Chain Stores Invade New York, Not San Francisco
"At a glance, the junction of Broadway and Steinway Street could be mistaken for any intersection in Midtown. There are bank branches - Commerce, Chase and Bank of America - on three of the corners, and the fourth is home to a Rite Aid drugstore. Nearby are stores usually found in suburban shopping malls." New York City urban planner Jeanne Giordano, explains: 'The tipping point is that it's happening beyond the obvious places. The boroughs are all going down like bowling pins.' She continues that some New Yorkers are worried that 'it's getting boring around here.'"
"In contrast, the anti-chain sentiment in San Francisco remains strong. A ballot proposition to require planning review of proposed chain stores or restaurant outlets received about 60 percent of the votes, said Gerardo Sandoval, the city supervisor who sponsored the proposition. He says, 'Our position is: We're San Francisco; you can do what you want in other cities, but here we are going to protect local neighborhood character.'"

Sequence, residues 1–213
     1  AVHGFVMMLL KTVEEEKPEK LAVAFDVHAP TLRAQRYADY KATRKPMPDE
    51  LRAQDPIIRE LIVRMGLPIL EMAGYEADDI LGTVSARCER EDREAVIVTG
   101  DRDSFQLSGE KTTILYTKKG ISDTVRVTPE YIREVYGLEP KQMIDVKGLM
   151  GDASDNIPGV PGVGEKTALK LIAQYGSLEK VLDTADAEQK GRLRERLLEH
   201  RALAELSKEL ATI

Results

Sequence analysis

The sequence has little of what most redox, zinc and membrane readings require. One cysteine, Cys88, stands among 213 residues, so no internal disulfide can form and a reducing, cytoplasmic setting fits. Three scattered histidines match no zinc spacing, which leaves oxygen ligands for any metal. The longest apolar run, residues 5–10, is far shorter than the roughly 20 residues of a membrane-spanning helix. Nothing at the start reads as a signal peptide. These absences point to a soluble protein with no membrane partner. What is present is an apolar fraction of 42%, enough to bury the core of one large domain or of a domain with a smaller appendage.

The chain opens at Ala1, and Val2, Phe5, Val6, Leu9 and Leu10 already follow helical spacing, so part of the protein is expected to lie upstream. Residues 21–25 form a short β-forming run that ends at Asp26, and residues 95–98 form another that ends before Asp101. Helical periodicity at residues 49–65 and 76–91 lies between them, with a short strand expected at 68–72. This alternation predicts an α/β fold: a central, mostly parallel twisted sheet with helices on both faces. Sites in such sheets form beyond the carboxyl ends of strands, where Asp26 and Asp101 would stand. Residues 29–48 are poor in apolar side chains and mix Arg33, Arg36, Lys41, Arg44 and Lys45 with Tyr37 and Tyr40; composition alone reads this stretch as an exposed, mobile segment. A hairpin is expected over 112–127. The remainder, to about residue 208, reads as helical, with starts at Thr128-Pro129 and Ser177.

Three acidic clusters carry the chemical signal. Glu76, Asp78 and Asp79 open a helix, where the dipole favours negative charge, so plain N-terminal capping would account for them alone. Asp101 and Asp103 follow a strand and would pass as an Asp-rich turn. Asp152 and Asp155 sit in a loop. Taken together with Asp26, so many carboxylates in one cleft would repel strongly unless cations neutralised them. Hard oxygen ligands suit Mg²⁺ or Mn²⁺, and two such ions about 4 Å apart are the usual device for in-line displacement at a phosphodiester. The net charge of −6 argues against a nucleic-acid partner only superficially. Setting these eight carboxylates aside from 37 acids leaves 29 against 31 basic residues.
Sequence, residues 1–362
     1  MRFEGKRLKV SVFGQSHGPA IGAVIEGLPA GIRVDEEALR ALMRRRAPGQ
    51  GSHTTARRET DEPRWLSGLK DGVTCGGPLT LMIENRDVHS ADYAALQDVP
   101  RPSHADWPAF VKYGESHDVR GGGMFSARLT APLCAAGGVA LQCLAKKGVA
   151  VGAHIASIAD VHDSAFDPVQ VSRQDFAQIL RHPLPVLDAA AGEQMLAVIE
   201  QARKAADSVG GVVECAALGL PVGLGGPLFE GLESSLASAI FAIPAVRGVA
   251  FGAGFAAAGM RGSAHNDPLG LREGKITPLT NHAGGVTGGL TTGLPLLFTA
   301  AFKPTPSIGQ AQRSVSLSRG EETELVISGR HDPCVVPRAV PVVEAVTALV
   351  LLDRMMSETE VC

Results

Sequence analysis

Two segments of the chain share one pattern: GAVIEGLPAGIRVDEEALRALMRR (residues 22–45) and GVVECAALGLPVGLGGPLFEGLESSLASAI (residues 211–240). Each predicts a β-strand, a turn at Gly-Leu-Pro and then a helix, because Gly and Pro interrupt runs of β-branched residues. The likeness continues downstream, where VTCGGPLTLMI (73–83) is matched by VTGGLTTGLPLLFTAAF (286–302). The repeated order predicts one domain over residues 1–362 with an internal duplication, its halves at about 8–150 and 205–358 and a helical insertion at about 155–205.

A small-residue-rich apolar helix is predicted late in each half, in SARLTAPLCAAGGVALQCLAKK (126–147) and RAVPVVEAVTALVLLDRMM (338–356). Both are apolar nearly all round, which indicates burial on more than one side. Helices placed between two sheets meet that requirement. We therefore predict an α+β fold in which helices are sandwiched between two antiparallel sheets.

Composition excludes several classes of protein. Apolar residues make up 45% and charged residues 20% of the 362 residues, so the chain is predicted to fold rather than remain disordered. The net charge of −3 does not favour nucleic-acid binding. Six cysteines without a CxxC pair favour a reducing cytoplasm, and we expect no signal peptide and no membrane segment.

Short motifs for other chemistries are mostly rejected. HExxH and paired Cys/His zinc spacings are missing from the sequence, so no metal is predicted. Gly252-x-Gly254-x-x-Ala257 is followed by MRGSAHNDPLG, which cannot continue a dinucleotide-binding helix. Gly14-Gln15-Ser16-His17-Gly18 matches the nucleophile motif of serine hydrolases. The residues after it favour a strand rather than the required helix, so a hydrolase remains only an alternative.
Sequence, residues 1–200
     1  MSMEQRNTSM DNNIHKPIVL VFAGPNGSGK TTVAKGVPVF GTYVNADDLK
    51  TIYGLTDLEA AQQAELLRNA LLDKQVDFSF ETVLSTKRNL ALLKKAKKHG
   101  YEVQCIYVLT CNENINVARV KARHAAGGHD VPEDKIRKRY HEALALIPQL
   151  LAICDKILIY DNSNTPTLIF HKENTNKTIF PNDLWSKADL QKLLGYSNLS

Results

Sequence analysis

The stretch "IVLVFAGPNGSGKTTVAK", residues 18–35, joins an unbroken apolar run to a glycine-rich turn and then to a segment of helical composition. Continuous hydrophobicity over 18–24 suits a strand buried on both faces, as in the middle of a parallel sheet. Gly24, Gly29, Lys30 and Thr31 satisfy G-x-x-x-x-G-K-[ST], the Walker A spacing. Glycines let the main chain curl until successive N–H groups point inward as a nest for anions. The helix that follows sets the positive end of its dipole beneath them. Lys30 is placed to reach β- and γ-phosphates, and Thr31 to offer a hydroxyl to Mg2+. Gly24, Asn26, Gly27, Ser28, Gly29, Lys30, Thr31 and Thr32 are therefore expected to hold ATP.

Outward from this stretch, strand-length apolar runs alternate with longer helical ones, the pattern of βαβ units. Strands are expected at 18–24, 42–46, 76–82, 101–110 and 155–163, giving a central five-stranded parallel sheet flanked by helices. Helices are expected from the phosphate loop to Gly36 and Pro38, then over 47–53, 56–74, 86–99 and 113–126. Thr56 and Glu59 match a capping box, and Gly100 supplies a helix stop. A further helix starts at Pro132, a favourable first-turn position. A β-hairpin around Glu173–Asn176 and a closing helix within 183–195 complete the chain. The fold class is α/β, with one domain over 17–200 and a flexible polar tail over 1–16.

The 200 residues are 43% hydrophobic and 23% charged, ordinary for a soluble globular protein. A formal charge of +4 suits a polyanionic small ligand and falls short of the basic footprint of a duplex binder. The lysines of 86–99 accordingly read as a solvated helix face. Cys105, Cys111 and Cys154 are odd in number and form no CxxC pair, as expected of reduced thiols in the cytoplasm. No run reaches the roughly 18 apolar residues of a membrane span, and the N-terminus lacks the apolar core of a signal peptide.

"Lawrence B. Badiner, assistant director of San Francisco's planning commission, explains that a few proposed Starbucks cafes had been rejected by the commission. He says: 'The predominant view in most parts of the city is, ‘We've got enough; if we want to go to Starbucks we know where to find one.'"